PD Changes Training Policy After Tragic Recruit Fatality
Virginia Pilot via YellowBrix
March 16, 2011
NORFOLK, VA – Recruits eager to join the Police Department will no longer have to endure strikes to the head – or defend themselves in training when they are exhausted.
The changes will help prevent recruit injuries and improve the department, Norfolk’s acting chief of police and a panel of experts said Tuesday during a news conference.
The new procedures follow the death of John Kohn, who was injured in training in December and is the only recruit to ever die in Norfolk police training.
A four-member panel reviewed the department’s defensive-tactics training. Acting police Chief Sharon Chamberlin announced its findings.
• Instructors are now receiving training from medical professionals on how to recognize head trauma.
• All recruits in upcoming academies will learn from a medical professional about head trauma and the importance of reporting it, whether it involves themselves or a fellow recruit.
• Defensive tactics training will be done in one- or two-hour segments to reduce fatigue-related injuries.
Kohn, 40, died Dec. 18, having never regained consciousness after a series of blows to the head from an instructor and a head-to-head collision with another recruit nine days earlier. Earlier in that week of training he had been knocked down by an instructor and another recruit.
Defensive tactics instructors and training academy staff attended a preliminary class on head injuries on Feb. 18, Chamberlin said. The training will continue, she said. Before becoming the department’s acting chief of police earlier this month, Chamberlin in her role as senior assistant chief oversaw the city’s police training.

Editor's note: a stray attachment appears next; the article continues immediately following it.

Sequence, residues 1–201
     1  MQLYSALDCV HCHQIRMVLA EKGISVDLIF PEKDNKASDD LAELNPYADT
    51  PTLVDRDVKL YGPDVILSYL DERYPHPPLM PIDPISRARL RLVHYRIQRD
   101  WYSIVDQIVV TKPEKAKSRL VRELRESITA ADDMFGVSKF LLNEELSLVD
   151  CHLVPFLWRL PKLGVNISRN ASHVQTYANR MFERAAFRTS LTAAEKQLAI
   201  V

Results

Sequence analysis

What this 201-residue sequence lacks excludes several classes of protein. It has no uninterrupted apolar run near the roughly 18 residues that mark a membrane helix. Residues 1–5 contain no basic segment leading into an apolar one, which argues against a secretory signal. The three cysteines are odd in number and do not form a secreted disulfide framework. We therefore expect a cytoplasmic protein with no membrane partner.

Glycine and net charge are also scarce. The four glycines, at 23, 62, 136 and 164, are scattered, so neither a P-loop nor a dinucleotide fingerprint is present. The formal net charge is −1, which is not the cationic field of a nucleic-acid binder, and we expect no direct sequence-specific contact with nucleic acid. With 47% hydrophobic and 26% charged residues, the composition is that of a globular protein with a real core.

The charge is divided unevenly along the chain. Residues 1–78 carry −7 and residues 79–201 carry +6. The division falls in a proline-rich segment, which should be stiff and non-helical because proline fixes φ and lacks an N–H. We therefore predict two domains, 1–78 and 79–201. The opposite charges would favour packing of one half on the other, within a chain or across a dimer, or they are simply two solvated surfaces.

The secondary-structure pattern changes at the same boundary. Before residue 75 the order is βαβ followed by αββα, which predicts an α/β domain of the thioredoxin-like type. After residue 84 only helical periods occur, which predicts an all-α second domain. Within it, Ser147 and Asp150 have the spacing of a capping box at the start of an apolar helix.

“Our goal is to become better,” Chamberlin said. “We are going to take these panel findings and recommendations and reshape what we’re doing.”
Dr. Barry Knapp, an emergency room physician in Hampton Roads and the medical director for Norfolk Fire-Rescue, said the panel’s findings are an important step toward making recruits safe, while still ensuring they learn to block attacks and defend themselves.
“I think this is a tremendous opportunity for the Norfolk Police Department and specifically its training division to be a role model across the country on how one handles safely training their recruits,” said Knapp, who served on the panel.
Panel members want police staff and recruits to be aware that even minor, repetitive head trauma “can result in catastrophic outcomes,” Knapp said.
Chamberlin would not directly address questions about Leldon Sapp, the instructor who hit Kohn in the head just before he blacked out.
“I’m going to address the current panel recommendations and move forward from here,” she said. She gave similar answers when pressed by TV reporters about Sapp’s employment status, what she thought of a video showing him punching Kohn, and whether the level of force used was appropriate when considering the department’s protocol at the time.